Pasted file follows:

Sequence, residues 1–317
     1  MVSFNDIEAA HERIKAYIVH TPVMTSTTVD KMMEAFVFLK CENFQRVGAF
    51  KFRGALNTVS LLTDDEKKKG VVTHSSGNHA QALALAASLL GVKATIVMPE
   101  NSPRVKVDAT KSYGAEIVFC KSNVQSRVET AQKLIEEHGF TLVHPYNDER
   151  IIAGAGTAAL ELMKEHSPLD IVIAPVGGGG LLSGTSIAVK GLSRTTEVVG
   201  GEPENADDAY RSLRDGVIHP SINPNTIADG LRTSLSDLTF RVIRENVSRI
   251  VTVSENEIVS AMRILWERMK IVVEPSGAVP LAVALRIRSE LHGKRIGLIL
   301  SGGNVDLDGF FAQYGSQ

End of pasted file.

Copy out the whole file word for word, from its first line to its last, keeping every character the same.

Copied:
Sequence, residues 1–317
     1  MVSFNDIEAA HERIKAYIVH TPVMTSTTVD KMMEAFVFLK CENFQRVGAF
    51  KFRGALNTVS LLTDDEKKKG VVTHSSGNHA QALALAASLL GVKATIVMPE
   101  NSPRVKVDAT KSYGAEIVFC KSNVQSRVET AQKLIEEHGF TLVHPYNDER
   151  IIAGAGTAAL ELMKEHSPLD IVIAPVGGGG LLSGTSIAVK GLSRTTEVVG
   201  GEPENADDAY RSLRDGVIHP SINPNTIADG LRTSLSDLTF RVIRENVSRI
   251  VTVSENEIVS AMRILWERMK IVVEPSGAVP LAVALRIRSE LHGKRIGLIL
   301  SGGNVDLDGF FAQYGSQ